Innovation today is a stated public policy aim of most developed and emerging countries- The 'gold standard' for measuring innovation is the Global Innovation Index (GII). As growth rates start to plateau, policymakers are looking increasingly at their scientists to create future growth from knowledge. At the same time we also know that some kinds of growth contribute to environmental problems as well as to inequality. The GII primarily assesses countries on their economic innovation capabilities. It offers less space to recognise social or environmental forms of innovation; nor does it recognise local innovation or that which extends beyond how good a society is at making money.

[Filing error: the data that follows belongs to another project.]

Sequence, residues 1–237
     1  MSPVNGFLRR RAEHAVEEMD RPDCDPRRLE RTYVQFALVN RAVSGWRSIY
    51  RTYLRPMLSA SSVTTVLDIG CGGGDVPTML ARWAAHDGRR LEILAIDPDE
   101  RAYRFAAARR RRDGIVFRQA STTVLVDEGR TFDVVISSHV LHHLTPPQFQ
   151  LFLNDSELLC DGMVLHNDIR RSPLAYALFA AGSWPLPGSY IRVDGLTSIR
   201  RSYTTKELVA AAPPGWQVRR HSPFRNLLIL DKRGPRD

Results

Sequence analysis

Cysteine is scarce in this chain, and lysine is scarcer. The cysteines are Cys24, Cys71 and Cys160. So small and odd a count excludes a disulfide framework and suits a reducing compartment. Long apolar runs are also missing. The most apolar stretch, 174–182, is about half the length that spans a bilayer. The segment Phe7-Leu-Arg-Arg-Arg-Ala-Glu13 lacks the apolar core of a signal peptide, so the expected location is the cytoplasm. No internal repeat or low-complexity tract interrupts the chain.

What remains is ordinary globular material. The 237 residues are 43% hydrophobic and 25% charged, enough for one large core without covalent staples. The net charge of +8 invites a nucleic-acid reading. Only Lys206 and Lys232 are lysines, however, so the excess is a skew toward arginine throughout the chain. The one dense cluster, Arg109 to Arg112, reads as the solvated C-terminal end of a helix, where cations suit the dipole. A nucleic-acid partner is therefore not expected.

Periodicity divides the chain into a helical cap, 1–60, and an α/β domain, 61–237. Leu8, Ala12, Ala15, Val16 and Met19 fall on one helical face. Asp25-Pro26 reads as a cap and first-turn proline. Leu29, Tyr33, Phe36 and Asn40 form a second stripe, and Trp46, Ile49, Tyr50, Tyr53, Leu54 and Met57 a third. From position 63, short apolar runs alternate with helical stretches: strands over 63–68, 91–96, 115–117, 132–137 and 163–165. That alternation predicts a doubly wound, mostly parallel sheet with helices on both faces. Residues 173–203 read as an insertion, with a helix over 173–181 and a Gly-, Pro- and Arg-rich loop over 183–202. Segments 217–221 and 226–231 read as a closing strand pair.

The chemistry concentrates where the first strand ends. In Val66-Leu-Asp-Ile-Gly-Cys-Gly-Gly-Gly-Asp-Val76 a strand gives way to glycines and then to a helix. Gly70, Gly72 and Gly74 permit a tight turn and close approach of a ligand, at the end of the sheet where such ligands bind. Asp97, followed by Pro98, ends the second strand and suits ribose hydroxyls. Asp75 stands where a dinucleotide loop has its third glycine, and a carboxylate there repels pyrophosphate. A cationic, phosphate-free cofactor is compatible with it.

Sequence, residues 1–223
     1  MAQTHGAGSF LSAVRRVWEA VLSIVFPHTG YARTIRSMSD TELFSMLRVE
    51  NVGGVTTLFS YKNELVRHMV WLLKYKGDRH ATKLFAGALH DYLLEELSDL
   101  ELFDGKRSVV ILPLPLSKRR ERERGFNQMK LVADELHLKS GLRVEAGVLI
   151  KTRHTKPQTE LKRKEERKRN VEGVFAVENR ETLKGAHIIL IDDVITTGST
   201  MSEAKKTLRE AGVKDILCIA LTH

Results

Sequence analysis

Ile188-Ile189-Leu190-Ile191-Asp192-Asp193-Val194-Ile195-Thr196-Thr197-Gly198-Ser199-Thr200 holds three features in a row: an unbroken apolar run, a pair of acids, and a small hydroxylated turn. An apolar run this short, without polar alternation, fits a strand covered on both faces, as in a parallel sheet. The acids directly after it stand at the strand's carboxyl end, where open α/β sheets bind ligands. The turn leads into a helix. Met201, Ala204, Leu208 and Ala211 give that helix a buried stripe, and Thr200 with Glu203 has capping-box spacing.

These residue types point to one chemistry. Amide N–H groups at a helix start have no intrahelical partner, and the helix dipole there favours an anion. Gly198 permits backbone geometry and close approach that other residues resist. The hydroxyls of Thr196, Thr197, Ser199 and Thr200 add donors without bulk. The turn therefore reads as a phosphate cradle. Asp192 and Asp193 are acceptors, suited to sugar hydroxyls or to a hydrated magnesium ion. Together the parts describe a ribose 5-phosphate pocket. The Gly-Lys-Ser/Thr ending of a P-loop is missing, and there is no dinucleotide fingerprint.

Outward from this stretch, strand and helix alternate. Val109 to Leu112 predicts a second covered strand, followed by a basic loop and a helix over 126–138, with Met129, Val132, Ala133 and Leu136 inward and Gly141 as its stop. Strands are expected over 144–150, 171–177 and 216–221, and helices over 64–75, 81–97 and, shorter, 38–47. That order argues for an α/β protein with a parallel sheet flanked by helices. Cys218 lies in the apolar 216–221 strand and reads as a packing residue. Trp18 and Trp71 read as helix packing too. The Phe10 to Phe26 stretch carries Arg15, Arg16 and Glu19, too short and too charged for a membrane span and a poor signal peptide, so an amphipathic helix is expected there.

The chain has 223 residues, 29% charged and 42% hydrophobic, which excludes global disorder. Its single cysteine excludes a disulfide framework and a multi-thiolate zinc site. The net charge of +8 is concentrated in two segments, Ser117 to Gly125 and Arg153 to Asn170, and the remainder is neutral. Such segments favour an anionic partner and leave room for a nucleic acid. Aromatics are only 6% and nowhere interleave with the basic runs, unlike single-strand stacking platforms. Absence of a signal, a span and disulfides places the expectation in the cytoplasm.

This session will explore our understanding of innovation and in particular whether our methods of measurement accurately reflect the costs as well as the opportunities. Speakers will explore how countries are incentivising innovation in the expectation that this will power tomorrow’s economies. They will also discuss what these incentives and processes will do in relation to the present path to 2-degree Celsius warming, and a rate of species loss that is unprecedented since the last Mass Extinction.